Bloggy Moms

Thursday, January 29, 2015

Kharma's Name is Not Cancer

There's a popular saying that goes "If you are mean to others, Kharma will come back and bite you in the tush."  I was also raised with the Golden Rule, "Do unto others as you would have them do unto you." While those are nice sentiments, I don't believe that's how God works.
Tonight I found out that a nemesis of mine received a cancer diagnosis. Am I supposed to be happy that this happened to her? Should I  subscribe to the notion that "Kharma" got her? Not even one bit.
If I have those thoughts or feelings, then I am no better than she is. Hatred of others is contrary to what I believe.
If "Kharma" were true, then why do innocent people die of cancer? Why does this vicious disease prey upon people I care about?  Both a very good friend of mine and my cousin lost their spouses to this wretched monster. I have a friend who just found out that her cancer is back. Last week I attended a memorial for a dear neighbor of mine. He was 72! From the time of his diagnosis until the time of his passing only six weeks lapsed. Not one person had anything bad to say about this man. He always showed my family love and acceptance. When I told his wife  and him about Princess' challenges, neither one of them shirked away or passed judgment on my husband or I.
On the other hand my nemesis, made my life miserable for only a few short years but it felt like a lifetime. I did not seek out a witch doctor to curse her with cancer. When we parted ways, I left quietly. I truly tried to move on and heal from the pain she caused me.
Now that I know that my nemesis has cancer, I truly feel sadness for her. If I feel that she got her just dessert for the way that she treated me and others, then I am no better than her. I feel that the best way that I can honor God is to show her compassion even though she doesn't deserve it. Even though the easy thing to do is to give "Kharma" a fist pump.
I'm trying to be Jesus with skin on to those I come in contact with in my littler corner of the world. If I show love to those who are least deserving of it, I am honoring God.
Would you kindly join me in praying for this woman who may never have experienced much love and compassion from others? I may just muster up the courage to show her the kind of compassion that Jesus has shown me. Pray for me as well. Thanks.

Monday, January 26, 2015

Musings on Mental Health

Many people think they know what it looks like or is supposed to look like but how many really know what a mental illness looks like in real life?  I've had three people that I am biologically connected to, suffer from mental illness. It is not pretty but it is not something to be afraid of either.
Both my mother and father suffered from mental illness during several periods in their respective lives. My dad had schizophrenia. He was not medicated much of his adult life. His refusal to get the help he needed made him unstable. My mom had what was known at the time as a nervous break down shortly after her marriage to my dad.  Today doctors call this a Psychotic Break. Once she became a mother, she remained stable until the last chick (me) left the nest. The last four or five years of her life we searched for the right medications for her, but never found them.
Between the ages of six and seven my daughter was diagnosed with first ADHD and then Bipolar Disorder . We can now add OCD to that combination. Since I saw how difficult mental illness was on my parents, I pushed harder for my child to become stable.   I researched, joined an online support group and sought out qualified doctors and therapists. There was even a time when I searched for the best behavioral health hospitals in a hundred mile radius of our house.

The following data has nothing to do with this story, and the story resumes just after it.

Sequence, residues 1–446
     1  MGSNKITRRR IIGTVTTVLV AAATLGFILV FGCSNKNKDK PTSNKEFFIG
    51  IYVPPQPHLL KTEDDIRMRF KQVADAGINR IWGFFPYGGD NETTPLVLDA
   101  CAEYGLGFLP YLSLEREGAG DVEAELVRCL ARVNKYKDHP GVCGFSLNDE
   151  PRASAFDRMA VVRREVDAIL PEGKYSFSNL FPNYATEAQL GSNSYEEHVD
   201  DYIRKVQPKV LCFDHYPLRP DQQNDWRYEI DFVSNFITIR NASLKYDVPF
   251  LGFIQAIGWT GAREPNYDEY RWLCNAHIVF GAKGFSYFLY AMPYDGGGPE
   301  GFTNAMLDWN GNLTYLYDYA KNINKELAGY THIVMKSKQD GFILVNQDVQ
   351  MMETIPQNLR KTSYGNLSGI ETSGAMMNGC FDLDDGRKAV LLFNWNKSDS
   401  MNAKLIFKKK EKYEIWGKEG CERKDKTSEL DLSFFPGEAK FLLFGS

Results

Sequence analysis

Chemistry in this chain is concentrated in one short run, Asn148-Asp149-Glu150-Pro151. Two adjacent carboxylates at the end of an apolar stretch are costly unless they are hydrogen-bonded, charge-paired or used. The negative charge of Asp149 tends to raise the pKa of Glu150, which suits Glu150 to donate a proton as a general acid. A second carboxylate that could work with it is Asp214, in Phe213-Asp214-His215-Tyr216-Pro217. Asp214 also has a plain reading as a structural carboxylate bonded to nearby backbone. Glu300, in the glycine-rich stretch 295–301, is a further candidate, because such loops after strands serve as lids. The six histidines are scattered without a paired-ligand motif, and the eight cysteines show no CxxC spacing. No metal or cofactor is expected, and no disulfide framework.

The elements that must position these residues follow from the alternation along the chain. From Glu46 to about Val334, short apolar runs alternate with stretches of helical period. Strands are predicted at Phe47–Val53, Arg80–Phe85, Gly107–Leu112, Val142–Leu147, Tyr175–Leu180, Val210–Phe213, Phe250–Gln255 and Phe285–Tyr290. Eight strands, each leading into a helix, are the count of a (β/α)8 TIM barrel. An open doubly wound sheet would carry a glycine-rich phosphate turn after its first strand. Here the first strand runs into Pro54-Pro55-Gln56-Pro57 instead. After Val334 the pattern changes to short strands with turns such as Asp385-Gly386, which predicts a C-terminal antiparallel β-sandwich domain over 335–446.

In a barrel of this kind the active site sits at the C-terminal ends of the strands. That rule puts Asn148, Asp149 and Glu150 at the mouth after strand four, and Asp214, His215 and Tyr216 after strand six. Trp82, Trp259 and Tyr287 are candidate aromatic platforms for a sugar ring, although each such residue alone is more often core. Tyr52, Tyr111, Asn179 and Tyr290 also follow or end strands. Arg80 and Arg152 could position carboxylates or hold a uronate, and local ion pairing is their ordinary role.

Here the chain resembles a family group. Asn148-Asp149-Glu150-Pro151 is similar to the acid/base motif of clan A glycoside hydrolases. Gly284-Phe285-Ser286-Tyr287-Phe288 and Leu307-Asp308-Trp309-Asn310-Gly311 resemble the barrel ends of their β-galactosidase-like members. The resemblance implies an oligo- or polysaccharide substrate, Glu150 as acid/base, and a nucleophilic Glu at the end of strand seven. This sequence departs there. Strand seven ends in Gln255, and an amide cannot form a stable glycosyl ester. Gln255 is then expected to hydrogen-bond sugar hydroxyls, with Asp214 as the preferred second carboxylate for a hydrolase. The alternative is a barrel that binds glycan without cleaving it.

I had no real control over what medications ultimately helped my child become stable. Her body pretty much dictated that.  We never kept her on any one medication any longer than was necessary. Some psychiatrists subscribe to the idea that if you just titrate up on a medication, eventually, you will see some benefits from it. Dr. Wonderful's belief was that we should see some changes, no matter how small, before increasing a drug. As a result of this and all of our doctor's cutting edge practices, Princess has been stable for over a year now.
Another benefit to having  parents who had mental instability, was that when my daughter was at her worst, I knew how to deal with it. I never told her what she was thinking or feeling was silly or irrational. Instead I'd try to get her to work through it or distract her. It's funny, when she was a toddler, my husband and I  would distract her to get her mind off of something that was off limits or bothering her. Now that she's older we still employ those same tactics but we have to be more sly about it.
The great thing about having a mental illness (Yes I just said that), is that the person who has it enjoys life more when they are stable.  They, and in turn their family, know how hard it was to achieve stability. They realize that every day of stability is a gift. My husband and I have noticed that our daughter feels things more deeply than the average person.  If someone is hurt or sad, my daughter is the first to console them. She has a tender heart because she knows what it feels like to hurt or be sad.
The stigma surrounding mental health is one of its biggest stumbling blocks. Many people do not want to talk about it. I feel like it's the elephant in the room. When I am at a gathering and mention that I have experience with mental illness, invariable one or two people will say, "Me too." I thought I was all alone in my struggle to get my loved ones back to being mentally healthy but it turns out there are lots of people just like me.
While living with someone with mental health challenges is difficult, it is not impossible

Saturday, January 17, 2015

Finding Our Place in This World

I have a unique dilemma since my child looks and can often act so "normal." I'm not quite sure where we fit in. My daughter can keep up somewhat academically with her peers. She's even advanced in reading. She is able to interact with other children her age but not all of the time. She's that square peg trying to fit in a round hole.  On the other hand, Princess rises to the top with her disabled peers. She doesn't have as many needs that are visible to the naked eye. I've had people question why we even have her in the disabilities ministry at our church because she doesn't present as differently abled. It's so tricky trying to figure out where we belong.